|L.J. objects to David telling Zana about the Tooth Fairy when she loses her milk teeth.|
|3||"The Par-tay"||Robert Berlinger||Sharon D. Johnson||September 30, 1993|
|David takes a domestic engineering course and believes that the instructor has fallen for him.|
|4||"Petty Larceny"||Rob Schiller||Michael J. Weithorn & Ralph Farquhar||October 7, 1993|
|David believes that L.J. may be stealing from him until he catches Zana stealing in the mall and realises that L.J. is lying to protect his sister.|
|5||"My Daughter's Keeper"||Debbie Allen||Michael Carrington & Gary Apple||October 14, 1993|
|Zana joins a club and learns that only light-skinned blacks are accepted.|
|6||"Strictly Business"||Rob Schiller||Ralph Farquhar & Michael J. Weithorn||October 21, 1993|
|Since L.J. has not been doing his homework assignments, he is not allowed to go to Disneyland with David's parents.|
|7||"David's Van"||Debbie Allen||Mike Langworthy||November 4, 1993|
|David has trouble parting with his beloved car in order to buy another.|
|8||"I Coulda' Been the Man"||Debbie Allen||Calvin Brown, Jr.||November 11, 1993|
|David friend is a successful basketball player and he learns he could have had the same opportunity.|
|9||"Shades of Acceptance"||Neema Barnette||Daniel Palladino||November 18, 1993|
|David falls for a past love.|
|10||"It's My Party, I'll Cry If I Want To"||Debbie Allen||Calvin Brown, Jr.||December 9, 1993|
|When David is unable to get a TV character to come to Zana's party because of the cost, he creates one.|
|11||"Breaking the Pattern"||Chuck Vinson||Sharon D. Johnson||December 16, 1993|
|L.J. invites his girlfriend over when no one is home.|
|12||"Keep the Faith"||Debbie Allen||Gary Apple & Michael Carrington||January 6, 1994|
|L.J. doesn't believe in God.|
|13||"The Dog Episode"||Debbie Allen||Orlando Jones & Mike Langworthy||January 13, 1994|
|Zana wants to keep a dog after he follows her home.|
|14||"David Goes Skiing"||Debbie Allen||Orlando Jones||January 27, 1994|
|David has a hard time enjoying his annual ski vacation when the kids keep calling him at the lodge.|
|15||"The Mr. Science Show"||Chuck Vinson||Marc Sotkin||February 3, 1994|
|David takes a job on a kids TV show, much to L.J.'s objection.|
|16||"Black History Month"||Chuck Vinson||Tom Whedon||February 10, 1994|
|L.J. can't decide who to write his Black History Month essay on, and Zana volunteers to play Rosa Parks.|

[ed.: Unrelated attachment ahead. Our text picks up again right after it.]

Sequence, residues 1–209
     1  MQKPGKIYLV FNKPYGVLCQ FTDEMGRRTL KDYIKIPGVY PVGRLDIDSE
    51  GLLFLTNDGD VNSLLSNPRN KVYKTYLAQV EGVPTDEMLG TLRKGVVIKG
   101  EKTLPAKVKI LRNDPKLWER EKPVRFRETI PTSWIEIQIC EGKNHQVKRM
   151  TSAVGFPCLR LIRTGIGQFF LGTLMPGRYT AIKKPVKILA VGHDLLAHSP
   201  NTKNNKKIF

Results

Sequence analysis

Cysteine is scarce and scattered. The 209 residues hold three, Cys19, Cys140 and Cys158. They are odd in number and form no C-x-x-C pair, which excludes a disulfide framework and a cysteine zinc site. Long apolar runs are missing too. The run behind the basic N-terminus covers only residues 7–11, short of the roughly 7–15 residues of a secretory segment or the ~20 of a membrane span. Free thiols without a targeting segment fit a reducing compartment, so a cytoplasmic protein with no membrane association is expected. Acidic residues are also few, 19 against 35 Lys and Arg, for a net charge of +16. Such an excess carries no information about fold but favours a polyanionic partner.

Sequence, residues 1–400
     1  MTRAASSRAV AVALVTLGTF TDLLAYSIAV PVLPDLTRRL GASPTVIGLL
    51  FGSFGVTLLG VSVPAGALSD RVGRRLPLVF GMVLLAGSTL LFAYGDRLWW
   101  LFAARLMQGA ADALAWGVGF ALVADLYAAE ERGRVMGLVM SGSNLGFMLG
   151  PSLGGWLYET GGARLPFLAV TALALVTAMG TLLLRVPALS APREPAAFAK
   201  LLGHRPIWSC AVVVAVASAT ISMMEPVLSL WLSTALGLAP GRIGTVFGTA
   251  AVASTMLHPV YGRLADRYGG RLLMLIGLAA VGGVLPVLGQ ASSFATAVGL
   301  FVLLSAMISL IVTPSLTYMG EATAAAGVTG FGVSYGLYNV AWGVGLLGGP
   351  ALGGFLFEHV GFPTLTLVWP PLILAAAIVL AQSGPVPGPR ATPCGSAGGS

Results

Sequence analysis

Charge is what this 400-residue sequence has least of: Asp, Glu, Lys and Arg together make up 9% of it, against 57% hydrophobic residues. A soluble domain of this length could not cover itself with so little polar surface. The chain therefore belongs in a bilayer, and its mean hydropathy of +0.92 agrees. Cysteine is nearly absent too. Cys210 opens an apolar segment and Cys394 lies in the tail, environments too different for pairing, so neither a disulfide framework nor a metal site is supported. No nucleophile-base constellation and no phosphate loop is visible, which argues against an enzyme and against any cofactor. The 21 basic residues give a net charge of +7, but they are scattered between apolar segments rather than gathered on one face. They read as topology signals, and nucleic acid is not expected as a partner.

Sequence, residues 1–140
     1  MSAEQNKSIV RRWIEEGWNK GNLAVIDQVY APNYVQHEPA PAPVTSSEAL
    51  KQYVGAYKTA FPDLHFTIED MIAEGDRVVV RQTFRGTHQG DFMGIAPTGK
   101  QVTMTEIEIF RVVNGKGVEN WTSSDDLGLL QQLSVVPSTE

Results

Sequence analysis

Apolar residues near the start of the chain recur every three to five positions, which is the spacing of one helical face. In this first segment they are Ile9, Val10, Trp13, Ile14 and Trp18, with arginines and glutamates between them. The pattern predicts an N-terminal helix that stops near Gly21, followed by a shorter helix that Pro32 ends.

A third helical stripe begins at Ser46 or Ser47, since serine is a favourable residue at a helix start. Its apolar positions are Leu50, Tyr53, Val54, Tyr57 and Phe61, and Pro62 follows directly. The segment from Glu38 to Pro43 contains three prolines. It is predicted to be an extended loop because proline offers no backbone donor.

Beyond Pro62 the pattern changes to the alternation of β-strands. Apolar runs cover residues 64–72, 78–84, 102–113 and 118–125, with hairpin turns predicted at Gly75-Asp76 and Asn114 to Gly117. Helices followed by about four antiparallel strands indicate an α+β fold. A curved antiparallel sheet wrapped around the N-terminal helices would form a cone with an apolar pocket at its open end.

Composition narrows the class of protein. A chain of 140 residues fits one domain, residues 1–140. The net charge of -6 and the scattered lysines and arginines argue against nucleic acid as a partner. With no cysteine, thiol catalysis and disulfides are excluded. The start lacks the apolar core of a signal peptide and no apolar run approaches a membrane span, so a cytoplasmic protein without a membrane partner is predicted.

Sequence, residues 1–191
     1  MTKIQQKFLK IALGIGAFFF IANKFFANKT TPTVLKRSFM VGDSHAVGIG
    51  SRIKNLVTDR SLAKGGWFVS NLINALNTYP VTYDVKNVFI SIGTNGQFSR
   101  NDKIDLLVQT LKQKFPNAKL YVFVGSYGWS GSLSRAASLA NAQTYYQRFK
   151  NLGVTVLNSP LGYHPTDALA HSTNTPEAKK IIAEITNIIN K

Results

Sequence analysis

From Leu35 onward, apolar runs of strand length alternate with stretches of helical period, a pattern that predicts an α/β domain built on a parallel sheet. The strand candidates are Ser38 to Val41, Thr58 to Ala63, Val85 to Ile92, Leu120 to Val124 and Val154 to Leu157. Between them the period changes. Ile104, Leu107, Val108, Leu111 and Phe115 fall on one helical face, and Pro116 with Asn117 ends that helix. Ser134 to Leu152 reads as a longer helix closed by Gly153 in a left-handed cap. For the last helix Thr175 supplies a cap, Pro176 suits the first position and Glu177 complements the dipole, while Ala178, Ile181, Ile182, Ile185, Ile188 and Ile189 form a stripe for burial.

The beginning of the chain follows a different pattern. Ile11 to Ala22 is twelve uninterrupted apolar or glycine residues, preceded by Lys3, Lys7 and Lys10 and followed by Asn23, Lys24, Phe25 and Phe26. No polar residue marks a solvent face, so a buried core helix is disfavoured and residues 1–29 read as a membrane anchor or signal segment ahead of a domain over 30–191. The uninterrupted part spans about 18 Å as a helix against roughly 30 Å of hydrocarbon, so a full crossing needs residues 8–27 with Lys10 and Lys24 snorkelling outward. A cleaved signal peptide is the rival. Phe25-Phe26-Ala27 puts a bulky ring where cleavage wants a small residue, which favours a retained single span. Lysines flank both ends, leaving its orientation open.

|17||"The Telethon"||Chuck Vinson||TBA||March 3, 1994|
|David convinces his father to coach a basketball team after he retires.|
|18||"Neighborhood Watch"||Chuck Vinson||Orlando Jones & Mike Langworthy||March 10, 1994|
|David starts a neighborhood watch.|
|19||"Love Lessons"||Chuck Vinson||Michael Carrington & Gary Apple||March 17, 1994|
|L.J. gets a bad grade in a black history class, and is tutored by his favorite teacher.|
|20||"Can We Talk?"||Chuck Vinson||Sharon D. Johnson||March 22, 1994|
|David and Clarence go on a talk show.|
|21||"The Family Reunion"||Chuck Vinson||Arnie Kogen||March 31, 1994|
|L.J. and Zana meet David's family.|
|22||"Adoption: Part 1"||Chuck Vinson||Mike Langworthy||April 7, 1994|
|L.J. and Zana's uncle want them to live with him.|
|23||"Adoption: Part 2"||Chuck Vinson||Orlando Jones||April 14, 1994|
|L.J. and Zana's uncle want them to live with him.|
|24||"Girls Unda Hoodz"||Howard Ritter||Story by : Gary Apple & Mike Langworthy|
Teleplay by : Orlando Jones & Arnie Kogen
|April 21, 1994|
|Zana gets her hair done and Clarence teaches L.J. how cool men drive.|
Awards and nominations
|1994||Young Artist Awards||Best Actor Under Ten in a Television Series or Show||Erin Davis||Nominated|
|1995||Nickelodeon Kids' Choice Awards||Favorite Television Actor||Sinbad||Nominated|
- Cotter, Bill (1997). The Wonderful World of Disney Television. Hyperion Books. pp. 441–444. ISBN 0-7868-6359-5.
- Zook, Kristal Brent (1999). Color by Fox: The Fox Network and the Revolution in Black Television. Oxford University Press US. pp. 11. ISBN 0-19-510612-1.
- Rosenberg, Howard (1994-10-19). "Did Jackson Save FOX Series With Boycott Threat?". community.seattletimes.nwsource.com. Retrieved 2008-12-12.
- Dines, Gail; McMahon Humez, Jean (2002). Gender, Race, and Class in Media. SAGE. pp. 590. ISBN 0-7619-2261-X.